Following on from last year’s reading of The Selfish Gene, I decided to carry on reading some of Dawkins’ early works. In fairness, as I admitted when I read The Selfish Gene, there was an extract of The Extended Phenotype which lured me in.
As it turns out the extract was taken from near the back of the book, which is where Dawkins lays out the main thesis. In fact, it seems as though the last quarter constitutes the “real” book, with the rest being preamble as an attempt to lay the foundations and clear up any misunderstandings.
From the introduction, we are given something of a warning. The intended audience for The Extended Phenotype is not the same as that for The Selfish Gene. This volume is not as geared for the lay reader, directed more at the working biologist or the educated student. With regards to biology, I must regard myself as being in the first of those three, though Dawkins does help us out a little by including a glossary at the back which I used with fair frequency.
The opening to the book is a work of genius. He guides the reader to the Necker cube and how, though unchanging, the cube may appear different depending on how you choose to perceive it. Once you see it in a new way, you cannot help but continue to see it that new way, even with the some effort. That is the way that Dawkins wishes us to look at biology. There has been a prevailing viewpoint of viewing the organism as the basic unit at which evolution happens. In his earlier work, he sought to view things from the gene’s “viewpoint” and here he is looking at the extent to which genes have an effect.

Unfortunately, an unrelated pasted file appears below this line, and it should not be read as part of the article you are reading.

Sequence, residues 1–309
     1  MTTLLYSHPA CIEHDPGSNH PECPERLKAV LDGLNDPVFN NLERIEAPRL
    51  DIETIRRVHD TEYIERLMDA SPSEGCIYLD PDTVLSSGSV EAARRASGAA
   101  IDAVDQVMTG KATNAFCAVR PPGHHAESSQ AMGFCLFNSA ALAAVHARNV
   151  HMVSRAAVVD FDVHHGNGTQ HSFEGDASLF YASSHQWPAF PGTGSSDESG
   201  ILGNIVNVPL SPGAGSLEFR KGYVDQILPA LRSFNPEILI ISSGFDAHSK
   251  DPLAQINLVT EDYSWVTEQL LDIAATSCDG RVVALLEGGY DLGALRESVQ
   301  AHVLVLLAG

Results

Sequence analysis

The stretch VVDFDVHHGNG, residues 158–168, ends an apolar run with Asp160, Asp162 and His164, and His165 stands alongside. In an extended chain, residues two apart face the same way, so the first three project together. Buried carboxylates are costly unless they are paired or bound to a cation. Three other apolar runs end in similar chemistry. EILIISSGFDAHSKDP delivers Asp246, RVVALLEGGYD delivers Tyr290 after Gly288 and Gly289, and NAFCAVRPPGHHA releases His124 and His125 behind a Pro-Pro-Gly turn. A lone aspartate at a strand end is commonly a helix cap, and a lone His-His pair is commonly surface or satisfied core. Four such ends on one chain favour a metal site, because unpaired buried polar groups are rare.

So if you don’t recall the different between genotype and phenotype from your GCSE science, you will struggle with the book. I must admit I struggled at a few points, as I never went into study molecular biology in any formal sense. That doesn’t mean it’s impenetrable, but just that that some nuances may not be fully grasped.
As such, I must admit I am tempted to curtail this review, on the admission that though I thought I could grasp the big picture, the details at times eluded me. The only thing more silly than appraising or critiquing an idea you haven’t understood is to do so to an idea you think you’ve understood, but haven’t.
So rather than deal with the subject matter, I will instead make a comment on the writing. Dawkins, as ever, is erudite, lively and at times provocative. Even for a book aimed at the professional scientist, I doubt anyone who was intrigued by it and wanted to read it would find it dull. In dealing with those with whom he disagrees, there are some early signs of irascibility are in evidence here, though they are mostly reserved for his fellow scientists and are nothing compared to the scale of his irrational anti-religious vitriol for which he has been most well known over the last 10 years or so.
The only thing that spoilt the book slightly was the afterword which was written by Daniel Dennett. It is nothing more than a sycophantic review, loaded with gushing praise which, though well-meant, doesn’t add anything the reader’s understanding. One might guess as to whether its inclusion was at the behest of Dawkins or his publishers. The one thing we can pin on Dawkins is that in the foreword, he wrote (in 1989) that if you only read one of his books, this would be the one to read. It would be interesting to find out if he stands by that or if anything he has written subsequently supersedes it.
Please don’t take my demurral from going into the details as a criticism of the book. It is fascinating and I learnt a lot from it. Just consider yourself duly warned that it’s not a light read.